The first example of such street pricing came from the new cost of the Series 918RX servers. HP announced a complete package including database, storage and console priced at $13,459, 25 percent below the current price for the RX models. HP is dropping the two-IO slot 918LX and 928LX models to focus on just the 918, 928 and 988RX models in its low-end line. An upgrade kit will continue to be available to convert a 928 to a 988, almost tripling performance. A 988 still clocks in about 7 percent slower than the new model of the Series 939 (see table at right).

“Street price will be lower, depending on what a reseller will be prepared to do with a customer,” Snow said. Martino said the street price with volume purchases could be 25 percent below the suggested list price — which would put a functioning HP 3000 for eight users at just over $10,000.

The $13,459 configuration includes 64Mb of memory, 9Gb of disk, a 4Gb DDS-2 tape, 600VA UPS, and a console. This system has four IO slots.

Faster 929, 939 systems

HP is introducing new 030 models of the Series 929s and 939s as part of its rollout, replacing the systems’ PA-7200 processors with next-generation PA-8000 processors. The newer 929/030 is about 12 percent faster than its predecessor and costs a little less, while the 939/030 will be 17 percent faster than its 939/020 predecessor. Suggested list price is $66,091 for a 929/030 unit with a 20-user IMAGE and MPE/iX license, 128Mb of memory, a 9-Gb disk, 12Gb DDS-3 tape, UPS, and a console.

Snow pointed out that when a customer puts MPE/iX 6.5 on these new models in the e3000 midrange, the servers will support up to 8Gb of memory. The new servers ship immediately and operate with MPE/iX 5.5 and 6.0, as well as 6.5.

6.5 rollout for Web

HP is shipping the latest version of its e3000 operating system as “a high-end performance release and a scaling release,” Martino said. “We sometimes call this the HBOC release, because their customers really need this performance.” Tool partners and application providers have been provided with the operating system to make software tuning changes and compliance testing.

The 6.5 release will also have an option to support a secure version of the Apache/iX Web server. This will be an item with a supplemental cost above the base license for MPE/iX, and customers will be able to order and take delivery of it in May.

This version of MPE/iX also includes middleware of an LDAP client and a JDBC driver, both of which have been available for the 6.0 and 5.5 versions of MPE/iX. It supports file sizes of up to 128Gb, and memory capacities larger than 3.75Gb. 6.5 will let customers put on as many as 3,300 users. It also increases TCP connections from 5,600 to 20,000, an improvement that Martino said is vital for the businesses deploying their HP 3000s in Web environments.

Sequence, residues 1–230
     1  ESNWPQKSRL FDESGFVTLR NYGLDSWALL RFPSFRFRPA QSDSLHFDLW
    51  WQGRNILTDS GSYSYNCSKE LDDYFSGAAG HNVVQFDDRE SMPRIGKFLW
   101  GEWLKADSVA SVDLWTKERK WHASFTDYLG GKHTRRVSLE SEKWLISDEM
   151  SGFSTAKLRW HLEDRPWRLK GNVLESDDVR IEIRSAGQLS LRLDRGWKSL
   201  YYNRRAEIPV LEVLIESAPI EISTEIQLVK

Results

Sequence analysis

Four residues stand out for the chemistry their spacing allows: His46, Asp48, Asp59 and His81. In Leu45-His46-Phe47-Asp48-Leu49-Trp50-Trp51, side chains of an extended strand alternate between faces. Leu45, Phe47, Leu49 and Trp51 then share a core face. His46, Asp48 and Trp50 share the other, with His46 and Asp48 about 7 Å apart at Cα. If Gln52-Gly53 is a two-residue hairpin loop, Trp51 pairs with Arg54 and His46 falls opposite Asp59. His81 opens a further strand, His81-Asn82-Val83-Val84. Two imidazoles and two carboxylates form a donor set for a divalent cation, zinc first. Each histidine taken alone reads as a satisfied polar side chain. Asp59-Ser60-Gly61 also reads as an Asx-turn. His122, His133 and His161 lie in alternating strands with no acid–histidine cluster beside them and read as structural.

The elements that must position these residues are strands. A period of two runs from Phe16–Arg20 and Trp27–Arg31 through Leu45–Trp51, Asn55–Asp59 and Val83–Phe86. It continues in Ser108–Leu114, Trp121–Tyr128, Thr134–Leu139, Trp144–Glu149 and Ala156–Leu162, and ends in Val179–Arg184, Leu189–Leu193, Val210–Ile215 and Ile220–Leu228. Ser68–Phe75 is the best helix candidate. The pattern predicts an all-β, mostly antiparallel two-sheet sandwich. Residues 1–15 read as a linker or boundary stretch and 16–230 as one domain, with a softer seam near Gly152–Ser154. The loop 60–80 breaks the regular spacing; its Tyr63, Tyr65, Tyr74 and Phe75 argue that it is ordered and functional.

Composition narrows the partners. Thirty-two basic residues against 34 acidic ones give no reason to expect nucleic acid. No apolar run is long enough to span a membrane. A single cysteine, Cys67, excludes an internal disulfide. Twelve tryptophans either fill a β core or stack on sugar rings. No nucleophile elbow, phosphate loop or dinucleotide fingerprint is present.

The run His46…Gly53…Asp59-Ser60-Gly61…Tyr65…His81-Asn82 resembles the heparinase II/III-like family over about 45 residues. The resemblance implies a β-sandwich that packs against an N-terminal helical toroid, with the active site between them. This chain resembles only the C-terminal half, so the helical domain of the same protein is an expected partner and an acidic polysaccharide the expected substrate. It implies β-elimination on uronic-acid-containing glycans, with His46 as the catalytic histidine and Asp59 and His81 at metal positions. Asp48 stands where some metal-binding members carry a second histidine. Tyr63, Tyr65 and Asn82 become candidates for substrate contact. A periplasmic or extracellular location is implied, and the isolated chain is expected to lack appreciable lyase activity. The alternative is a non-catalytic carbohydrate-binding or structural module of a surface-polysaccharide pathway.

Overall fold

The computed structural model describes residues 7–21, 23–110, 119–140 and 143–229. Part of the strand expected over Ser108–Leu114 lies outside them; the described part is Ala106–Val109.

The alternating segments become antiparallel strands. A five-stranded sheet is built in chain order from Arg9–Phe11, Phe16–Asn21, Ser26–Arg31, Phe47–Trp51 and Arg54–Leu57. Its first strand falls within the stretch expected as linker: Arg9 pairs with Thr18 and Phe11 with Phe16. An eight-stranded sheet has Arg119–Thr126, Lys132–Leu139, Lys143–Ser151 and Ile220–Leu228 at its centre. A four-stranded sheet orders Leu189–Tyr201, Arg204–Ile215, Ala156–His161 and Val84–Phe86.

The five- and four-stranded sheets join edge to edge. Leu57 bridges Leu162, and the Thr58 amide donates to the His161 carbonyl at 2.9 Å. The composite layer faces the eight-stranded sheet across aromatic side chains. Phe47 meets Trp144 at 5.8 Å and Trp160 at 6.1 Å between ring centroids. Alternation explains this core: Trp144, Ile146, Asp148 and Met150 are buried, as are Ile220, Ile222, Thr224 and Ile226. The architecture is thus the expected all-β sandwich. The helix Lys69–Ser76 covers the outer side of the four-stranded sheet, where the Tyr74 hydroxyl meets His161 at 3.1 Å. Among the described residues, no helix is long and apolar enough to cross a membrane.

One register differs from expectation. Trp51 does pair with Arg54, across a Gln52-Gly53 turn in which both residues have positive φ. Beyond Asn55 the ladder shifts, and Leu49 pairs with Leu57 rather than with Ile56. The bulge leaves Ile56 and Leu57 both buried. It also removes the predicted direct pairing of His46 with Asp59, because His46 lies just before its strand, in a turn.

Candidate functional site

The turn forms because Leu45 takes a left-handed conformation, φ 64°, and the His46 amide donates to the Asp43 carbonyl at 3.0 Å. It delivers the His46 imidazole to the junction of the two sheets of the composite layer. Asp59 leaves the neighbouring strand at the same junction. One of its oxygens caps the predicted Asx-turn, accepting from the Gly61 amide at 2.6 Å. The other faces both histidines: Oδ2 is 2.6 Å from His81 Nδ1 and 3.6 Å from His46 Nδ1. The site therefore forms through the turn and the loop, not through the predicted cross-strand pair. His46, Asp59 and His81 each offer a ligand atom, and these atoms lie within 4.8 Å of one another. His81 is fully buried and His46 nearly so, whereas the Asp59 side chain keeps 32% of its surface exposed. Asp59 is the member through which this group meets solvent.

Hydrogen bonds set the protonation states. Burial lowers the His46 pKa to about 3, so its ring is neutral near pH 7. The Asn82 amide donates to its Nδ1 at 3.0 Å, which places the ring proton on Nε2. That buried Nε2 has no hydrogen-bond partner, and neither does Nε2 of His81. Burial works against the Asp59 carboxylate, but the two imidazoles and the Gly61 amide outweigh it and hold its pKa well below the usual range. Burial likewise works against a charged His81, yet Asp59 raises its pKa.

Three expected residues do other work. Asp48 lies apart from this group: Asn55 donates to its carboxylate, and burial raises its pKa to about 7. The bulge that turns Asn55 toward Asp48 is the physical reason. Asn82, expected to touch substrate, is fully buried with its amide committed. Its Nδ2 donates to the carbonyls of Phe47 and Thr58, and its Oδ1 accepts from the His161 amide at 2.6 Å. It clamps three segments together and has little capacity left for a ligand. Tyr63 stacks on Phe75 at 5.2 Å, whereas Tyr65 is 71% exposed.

Snow said the operating system has been re-tuned to better use multiple processors. Semaphores in the operating system used to dispatch processes and memory allocation were tuned, he explained.

“If you had a number of processors, you tended to queue up on those semaphores, and that tends to slow the system down,” Snow said. “We had to rewrite the memory manager and the dispatcher to break these two bottlenecking semaphores up into multiple semaphores. This let us achieve the performance we knew we could achieve with larger multiprocessing.”

New markets emerging

While CSY was announcing its new e3000 brand, it pointed to several emerging markets for the server. Quintessential School Systems and SRN were noted as application partners in the education market. Martino said that Wired magazine recently named Wake Forest University as the most wired campus in the US, and SRN’s Web-based 3000 solution is at the heart of the Wake Forest operations.
Martino also noted that 90 percent of the 911 dispatch systems in US cities of more than 100,000 are now using HP 3000s and the PSSI application. And of the top 100 credit unions in the US, 24 are managed using HP 3000s and Summit’s Spectrum application.

New line printer brand

HP is also renaming the LP Series of line printers as HP LineJets, to demonstrate a closer link to the rest of HP’s printer families. The LineJet units haven’t been changed, and continue to be manufactured for HP by Printronix. HP is offering a new LineJet Print Manager solution, software written in Java that lets managers control LineJets from e3000, Unix or NT environments. It provides printer status information remotely through a Web browser, including securing printers against unauthorized intervention.

The LineJet printer line is a part of the HP 3000 division, and has been since sometime in 1999, CSY officials said. While development of the devices takes place at Printronix facilities, CSY is responsible for marketing and positioning of the products in HP server lines.

Storage bandwidth, capacity increases

Noting that Web applications require more distributed, faster storage solutions, CSY officials announced the release of an SCSI-Fibre Channel distancing solution and a new DLT8000 tape drive for use with the HP 3000. While HP’s $9,000 DLT8000 is a tape unit being offered by other vendors, the distancing solution is a first: a $6,400 device that can place SCSI peripherals as far as 10 kilometers (6 miles) from an HP 3000. The device, manufactured by Vicom Systems for HP, is available immediately. It is targeted to operate with the SureStore Array Model 12H and XP256 storage devices.

HP is also announcing e3000 support for the Business Copy/XP and Continuous Access Manager/XP functions of the new SureStore E disk Array XP256 units. Support of this software previously required Windows NT systems; now it’s natively supported with MPE/iX.